The utility room, with part-glazed panel doors to the front and rear, serves as a practical space but with very much a feel of more genteel times. Ceramic tiled flooring, a "Butler" sink flanked by clamp brick piers, granite effect worktops with moulded oak finishing, and plumbing for a washing machine and additional appliances create a highly functional area. Exposed natural stonework adds character, and doors connect to a cloakroom with a WC and the Coach House, which houses the garage.
Moving to the first floor, the South Bedroom exudes a sense of tranquillity. Double-glazed windows facing the rear (south) bathe the room in natural light. Custom-built joiner-made wardrobes flank the chimney breast, accentuating the original Ducks nest fireplace, now usefully superseded by a modern radiator.
The Silver Street Bedroom features double-glazed windows to the front and side, while The Wraxall Bedroom boasts double-glazed windows to the front and side, a built-in wardrobe, a radiator, and a television point. A door connects this room to a virtually new large en suite bathroom that is fabulous.
The family bathroom at Blagdon House is also tastefully appointed, showcasing a classic style white suite with elegant limestone-tiled surrounds.
In addition, you may wish to know that there is a vast loft area.
Outside, the property is accessed via a gateway flanked by natural stone walls, leading to a gravel driveway providing ample parking space. The Coach House, a newly added structure that harmonizes seamlessly with the original design, serves as a modern garage. Internally, it spans 5.82m x 2.64m (19'1" x 8'8") and features double doors, power and light connections, and a useful boarded attic room area above.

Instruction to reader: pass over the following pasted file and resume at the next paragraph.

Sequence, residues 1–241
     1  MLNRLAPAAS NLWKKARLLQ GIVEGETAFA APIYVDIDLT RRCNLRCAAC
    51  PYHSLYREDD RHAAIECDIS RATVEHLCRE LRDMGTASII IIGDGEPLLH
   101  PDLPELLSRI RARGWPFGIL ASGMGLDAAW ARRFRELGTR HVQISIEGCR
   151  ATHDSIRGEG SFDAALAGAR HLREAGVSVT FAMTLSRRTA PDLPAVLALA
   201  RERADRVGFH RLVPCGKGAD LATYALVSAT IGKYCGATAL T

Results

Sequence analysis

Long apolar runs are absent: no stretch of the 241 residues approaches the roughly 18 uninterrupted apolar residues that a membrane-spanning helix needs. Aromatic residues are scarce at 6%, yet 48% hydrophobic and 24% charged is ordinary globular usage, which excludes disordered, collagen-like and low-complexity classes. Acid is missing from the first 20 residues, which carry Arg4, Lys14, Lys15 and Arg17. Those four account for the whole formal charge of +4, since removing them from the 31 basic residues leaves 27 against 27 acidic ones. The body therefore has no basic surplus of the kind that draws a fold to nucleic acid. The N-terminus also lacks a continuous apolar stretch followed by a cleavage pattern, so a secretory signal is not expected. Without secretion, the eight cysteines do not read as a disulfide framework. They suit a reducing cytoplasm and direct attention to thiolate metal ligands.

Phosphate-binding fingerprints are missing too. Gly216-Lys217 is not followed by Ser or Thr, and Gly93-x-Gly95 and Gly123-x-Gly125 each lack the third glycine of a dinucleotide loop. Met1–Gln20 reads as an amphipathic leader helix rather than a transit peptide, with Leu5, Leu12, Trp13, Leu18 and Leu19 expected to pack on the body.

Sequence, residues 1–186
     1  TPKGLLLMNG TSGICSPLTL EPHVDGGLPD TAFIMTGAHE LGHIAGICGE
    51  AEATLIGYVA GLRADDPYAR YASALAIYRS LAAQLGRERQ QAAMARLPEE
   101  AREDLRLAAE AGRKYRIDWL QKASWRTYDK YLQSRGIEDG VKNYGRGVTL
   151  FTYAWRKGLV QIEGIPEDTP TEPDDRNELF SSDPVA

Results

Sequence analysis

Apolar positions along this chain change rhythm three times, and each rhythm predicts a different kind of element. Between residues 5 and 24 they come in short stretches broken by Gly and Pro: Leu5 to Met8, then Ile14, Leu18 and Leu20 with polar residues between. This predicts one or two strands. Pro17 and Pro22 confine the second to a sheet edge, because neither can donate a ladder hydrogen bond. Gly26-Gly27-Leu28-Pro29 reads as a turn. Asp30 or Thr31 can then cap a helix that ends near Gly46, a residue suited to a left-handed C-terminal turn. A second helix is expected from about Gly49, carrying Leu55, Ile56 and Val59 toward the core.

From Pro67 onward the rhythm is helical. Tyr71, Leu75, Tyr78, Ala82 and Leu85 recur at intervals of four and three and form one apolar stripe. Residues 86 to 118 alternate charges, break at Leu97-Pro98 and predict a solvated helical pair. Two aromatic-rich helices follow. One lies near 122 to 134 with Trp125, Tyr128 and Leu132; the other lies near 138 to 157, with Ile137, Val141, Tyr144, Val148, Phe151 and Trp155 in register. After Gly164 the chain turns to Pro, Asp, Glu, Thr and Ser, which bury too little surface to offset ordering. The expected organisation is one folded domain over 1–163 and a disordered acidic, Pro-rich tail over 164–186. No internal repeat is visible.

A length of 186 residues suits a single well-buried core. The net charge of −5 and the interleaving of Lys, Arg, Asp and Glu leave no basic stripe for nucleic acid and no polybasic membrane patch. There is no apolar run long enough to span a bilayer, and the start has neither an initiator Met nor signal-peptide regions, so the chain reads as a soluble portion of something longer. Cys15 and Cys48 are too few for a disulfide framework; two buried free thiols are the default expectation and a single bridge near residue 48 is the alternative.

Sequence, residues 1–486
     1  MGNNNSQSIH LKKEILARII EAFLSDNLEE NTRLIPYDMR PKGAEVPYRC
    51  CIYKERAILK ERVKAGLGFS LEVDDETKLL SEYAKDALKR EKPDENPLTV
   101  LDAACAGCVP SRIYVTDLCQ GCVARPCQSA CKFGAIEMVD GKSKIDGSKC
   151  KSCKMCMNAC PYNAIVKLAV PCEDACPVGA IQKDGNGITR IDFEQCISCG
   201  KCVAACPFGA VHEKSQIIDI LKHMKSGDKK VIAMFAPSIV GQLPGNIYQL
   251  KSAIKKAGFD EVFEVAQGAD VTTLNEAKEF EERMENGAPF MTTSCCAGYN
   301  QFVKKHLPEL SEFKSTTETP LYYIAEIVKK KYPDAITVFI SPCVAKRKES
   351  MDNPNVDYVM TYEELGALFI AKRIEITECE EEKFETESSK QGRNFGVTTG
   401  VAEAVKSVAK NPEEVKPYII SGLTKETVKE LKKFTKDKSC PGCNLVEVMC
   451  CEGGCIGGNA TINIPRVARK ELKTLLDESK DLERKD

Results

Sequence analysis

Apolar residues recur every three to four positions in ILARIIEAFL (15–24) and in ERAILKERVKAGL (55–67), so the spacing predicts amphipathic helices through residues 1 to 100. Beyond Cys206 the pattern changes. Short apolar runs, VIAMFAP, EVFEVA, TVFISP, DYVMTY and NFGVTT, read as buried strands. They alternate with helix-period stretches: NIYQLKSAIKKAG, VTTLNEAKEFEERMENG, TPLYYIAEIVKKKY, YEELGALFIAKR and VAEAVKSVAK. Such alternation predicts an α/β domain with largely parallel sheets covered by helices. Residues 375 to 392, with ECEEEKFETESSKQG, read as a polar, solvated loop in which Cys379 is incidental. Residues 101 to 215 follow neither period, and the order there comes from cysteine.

The garden at Blagdon House is a truly enchanting sight. Enclosed and meticulously maintained, the rear garden is adorned with hazel panel fencing. It offers two distinct patio areas, framed by a lush Astro lawn edged with reclaimed bricks and preserved timber. Raised flower beds, filled with a variety of plants and shrubs, provide a burst of colour. A tranquil water feature, flagstone paving, and carefully placed lighting complete the serene atmosphere.
Fixtures and Fittings: Some of the high-quality fixtures and fittings may also be available by separate negotiation. Fitted appliances will be included in the sale, subject to contract.
Services & Outgoings:
All main services are connected. Telephone connection. Gas fired central heating through radiators. Full double glazing. High speed ADSL and superfast broadband are available with download speeds up to 1Gb or better via cable/FTH (choice of non-BT superfast suppliers). Cable TV services are also available. Council Tax Band F.
Energy Performance Certificate:
The house was rated at E for energy efficiency. The full certificate is available on request by email.
Still known affectionately by many as ‘the village,’ Nailsea is the smallest of the four North Somerset towns but the most conveniently placed for Bristol at just 8 miles from the city.
There is high employment, and the schools are good or outstanding with Golden Valley School close by and both Nailsea School and Backwell schools within easy walking distance.
Though well placed for the commuter, Nailsea is surrounded by pretty North Somerset countryside but with easy access to other major centres in the area and access to the SUSTRANS national cycle network with a good route to Bristol and other destinations. Junctions 19 and 20 of the M5 are less than 6 miles giving easy access to the country’s motorway network and a main line rail connection is available at Nailsea and Backwell Station which is within walking distance with direct trains to Bristol, Filton-Abbeywood, Bath and London- Paddington.